Health Financing: A Piece of the Global Health Security Financing Pie

During the Fifth GHSA Ministerial Meeting, Dr. Mukesh Chawla, chief adviser for global health security at the World Bank, indicated that it costs somewhere in the range of 50 cents to one dollar per person per year to strengthen preparedness. The rhetoric around financing global health security has been focused on the need to fund the threat of tomorrow rather than the service delivery of today! This rhetoric indirectly and unintentionally deprioritizes financing of health security, especially in resource-scarce countries challenged with food insecurities, conflicts, and lack of adequate funding for essential health services. Global health security financing is about strengthening the routine health services being delivered today, covering the spectrum from reproductive health to immunizations. It is time for financing to be hardwired into our approach to global health security, ensuring sustainability and, more importantly, economic security. As we think about successfully achieving the goals of GHSA 2024, health financing should no longer be the afterthought of health security planning but rather an integral and structured component of prioritization, planning, monitoring and evaluation, implementation, and accountability. The GHSA experience over the past five years has underscored the need for a new priority area, or “action package,” specific to GHSA financing. The launch of this action package is much anticipated.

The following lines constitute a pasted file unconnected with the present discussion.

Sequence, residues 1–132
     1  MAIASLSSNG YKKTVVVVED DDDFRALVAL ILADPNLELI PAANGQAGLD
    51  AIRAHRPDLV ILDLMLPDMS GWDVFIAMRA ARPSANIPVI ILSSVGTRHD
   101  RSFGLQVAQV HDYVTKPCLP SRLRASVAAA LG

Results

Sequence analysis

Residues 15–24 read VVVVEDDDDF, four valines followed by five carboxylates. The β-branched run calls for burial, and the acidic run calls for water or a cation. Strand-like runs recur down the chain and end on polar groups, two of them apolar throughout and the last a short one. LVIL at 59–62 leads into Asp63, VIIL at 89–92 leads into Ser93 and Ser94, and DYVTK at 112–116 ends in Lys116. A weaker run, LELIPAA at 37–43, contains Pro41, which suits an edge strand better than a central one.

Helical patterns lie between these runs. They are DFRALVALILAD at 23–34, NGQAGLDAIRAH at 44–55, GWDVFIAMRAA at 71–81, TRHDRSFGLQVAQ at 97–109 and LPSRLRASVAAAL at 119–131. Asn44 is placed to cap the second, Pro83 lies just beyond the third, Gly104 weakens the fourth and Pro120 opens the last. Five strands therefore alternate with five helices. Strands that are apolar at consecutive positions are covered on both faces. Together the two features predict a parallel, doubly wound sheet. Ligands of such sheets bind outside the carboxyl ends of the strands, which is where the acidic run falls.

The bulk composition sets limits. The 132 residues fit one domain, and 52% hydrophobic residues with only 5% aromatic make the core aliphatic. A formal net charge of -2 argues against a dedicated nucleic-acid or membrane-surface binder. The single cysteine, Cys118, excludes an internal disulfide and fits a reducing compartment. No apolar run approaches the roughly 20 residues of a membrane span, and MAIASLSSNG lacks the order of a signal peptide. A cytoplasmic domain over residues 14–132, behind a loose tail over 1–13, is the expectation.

Tapping the Private Sector for Global Health Security

The Fifth Ministerial Meeting convened under the theme “Advancing Global Partnerships” at the global, regional, and national levels. What about leveraging private sector partnerships? The private sector has been a largely untapped and underused resource for GHSA. Fortunately, the Private Sector Round Table (PSRT) — a member-lead and member-driven platform — was announced and recognized as a permanent member of the GHSA Steering Group during the ministerial meeting. This increased acknowledgment of the indispensable role the private sector and non-governmental partners can and should play in achievement of GHSA goals is a step in the right direction. Not only is the private sector home for innovations, technology, and novel communication strategies, but engagement of the private sector brings a wide range of expertise and perspectives that are complementary to public resources. These can create a multiplier effect in achievement of country aspirations toward common goals. This is the time to start thinking of the private sector beyond the donation model and start thinking of it as a resource. The global health community needs to acknowledge that without the private sector, especially the local private sector, solutions are incomplete and unsustainable. As a member of the PSRT, Chemonics seeks government and non-government stakeholders for future collaborations and partnerships.

Global Health Security: The Way Forward

There is increasing recognition within the global health community for the need to move away from the conventional divide between public health systems and global health security towards a more innovative and integrated people-centered approach. This approach requires thinking of health security within the broader context of health systems strengthening, leveraging resources such as the private sector and civil societies, and continuously thinking of global health security financing as a long-term investment rather than an outbreak-related cost.

Photo Credit: USAID HRH2030

Posts on the Chemonics blog represent the views of the authors and do not necessarily represent the views of Chemonics.

About Mariam Reda

​​Dr. Mariam Reda is a former Director in Chemonics’ Global Health Division.